Chronicle of the Middle East and North Africa

Refugees of the War in Syria

woman in a refugee camp
A Syrian woman walks by tents as children play in a muddy pool at a camp for the internally displaced near the town of Kafr Lusin in the rebel-held northwestern province of Idlib, by the border with Turkey, on January 19, 2021. – Flooding following heavy rain at displacement camps in northwest Syria has killed a child and damaged or destroyed the tents of thousands of people, according to residents and aid workers. (Photo by Aaref WATAD / AFP)

The conflict in Syria produced the biggest wave of migration in the region and one of the worst humanitarian crises in the world. Since March 2011, an estimated 13.5 million people (about half of the country’s population) have been forced out of their homes.

More than 5.63 million Syrians have fled across the border to Turkey, Lebanon, Jordan, Iraq and Egypt, as of August 2021. The total number of Syrian refugees stood at 6.7 million at the end of 2020, according to figures provided by the United Nations High Commissioner for Refugees (UNHCR).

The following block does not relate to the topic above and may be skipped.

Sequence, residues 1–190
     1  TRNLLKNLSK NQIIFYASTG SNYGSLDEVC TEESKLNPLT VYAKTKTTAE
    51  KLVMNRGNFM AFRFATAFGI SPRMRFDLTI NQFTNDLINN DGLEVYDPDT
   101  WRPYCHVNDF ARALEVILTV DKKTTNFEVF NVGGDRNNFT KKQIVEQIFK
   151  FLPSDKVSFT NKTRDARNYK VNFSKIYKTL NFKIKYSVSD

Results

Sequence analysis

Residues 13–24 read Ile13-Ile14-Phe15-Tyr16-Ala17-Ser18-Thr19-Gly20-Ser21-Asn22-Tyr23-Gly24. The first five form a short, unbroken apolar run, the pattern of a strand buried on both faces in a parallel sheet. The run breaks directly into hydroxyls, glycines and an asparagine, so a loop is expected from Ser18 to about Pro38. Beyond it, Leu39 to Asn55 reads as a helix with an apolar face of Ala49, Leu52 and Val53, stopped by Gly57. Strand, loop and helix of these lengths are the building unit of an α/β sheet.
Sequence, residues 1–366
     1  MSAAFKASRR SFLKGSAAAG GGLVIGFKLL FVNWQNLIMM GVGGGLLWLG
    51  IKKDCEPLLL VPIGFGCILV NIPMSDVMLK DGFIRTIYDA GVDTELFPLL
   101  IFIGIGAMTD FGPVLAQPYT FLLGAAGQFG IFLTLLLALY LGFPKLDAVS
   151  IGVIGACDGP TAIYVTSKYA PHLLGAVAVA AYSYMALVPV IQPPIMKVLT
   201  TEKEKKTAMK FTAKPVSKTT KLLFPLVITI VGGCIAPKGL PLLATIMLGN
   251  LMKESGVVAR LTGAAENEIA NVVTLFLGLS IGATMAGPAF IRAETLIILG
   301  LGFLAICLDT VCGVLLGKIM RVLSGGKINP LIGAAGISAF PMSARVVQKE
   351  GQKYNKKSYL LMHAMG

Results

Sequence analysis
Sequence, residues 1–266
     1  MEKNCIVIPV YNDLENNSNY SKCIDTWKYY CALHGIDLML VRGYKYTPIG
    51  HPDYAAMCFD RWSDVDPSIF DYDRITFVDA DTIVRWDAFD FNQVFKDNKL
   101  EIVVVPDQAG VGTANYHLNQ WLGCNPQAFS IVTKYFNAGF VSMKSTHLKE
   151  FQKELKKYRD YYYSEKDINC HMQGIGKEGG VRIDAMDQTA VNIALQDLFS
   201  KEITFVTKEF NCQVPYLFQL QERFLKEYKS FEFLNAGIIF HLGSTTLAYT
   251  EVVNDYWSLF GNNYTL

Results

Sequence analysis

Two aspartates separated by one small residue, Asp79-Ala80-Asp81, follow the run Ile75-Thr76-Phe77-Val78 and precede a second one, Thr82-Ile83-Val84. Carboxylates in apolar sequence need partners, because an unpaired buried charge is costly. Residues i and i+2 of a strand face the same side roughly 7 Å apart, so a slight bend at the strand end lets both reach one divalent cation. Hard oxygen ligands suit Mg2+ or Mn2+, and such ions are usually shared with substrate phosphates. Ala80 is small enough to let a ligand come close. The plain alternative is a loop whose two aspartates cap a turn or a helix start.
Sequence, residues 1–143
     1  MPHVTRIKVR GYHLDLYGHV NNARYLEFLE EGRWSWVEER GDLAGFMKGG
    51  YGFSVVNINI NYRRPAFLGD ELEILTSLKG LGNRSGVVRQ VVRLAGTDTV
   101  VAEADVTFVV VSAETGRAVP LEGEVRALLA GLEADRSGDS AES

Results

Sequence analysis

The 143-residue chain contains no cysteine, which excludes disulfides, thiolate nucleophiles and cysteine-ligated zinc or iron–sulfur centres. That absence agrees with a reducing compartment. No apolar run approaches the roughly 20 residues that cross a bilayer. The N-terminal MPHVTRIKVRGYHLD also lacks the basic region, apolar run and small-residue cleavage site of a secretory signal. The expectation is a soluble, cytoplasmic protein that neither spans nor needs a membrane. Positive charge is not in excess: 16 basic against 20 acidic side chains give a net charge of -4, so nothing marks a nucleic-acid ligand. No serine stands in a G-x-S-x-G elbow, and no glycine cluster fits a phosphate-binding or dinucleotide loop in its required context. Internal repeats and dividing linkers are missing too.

Initially, most Syrians found refuge in overcrowded refugee camps in neighbouring countries (around 48 per cent of Syrian refugees in January 2013). The rest went on to stay in urban or rural areas. This picture has changed from 2013 onwards. As of August 2021, around 95 per cent of all registered refugees lived outside the camps, with just 5 per cent of refugees remaining there. 

The fate of Syrian refugees in the region, in the context of economic and security crises in the receiving countries and the fading of the dream of Bashar al-Assad’s exit, is still dire. Read more in Fanack’s overview of their situation between 2016 and 2021.

Or, to know more about how Syrians were forced to flee their homeland, read our overview of their situation from the onset of the conflict in 2011 until 2015.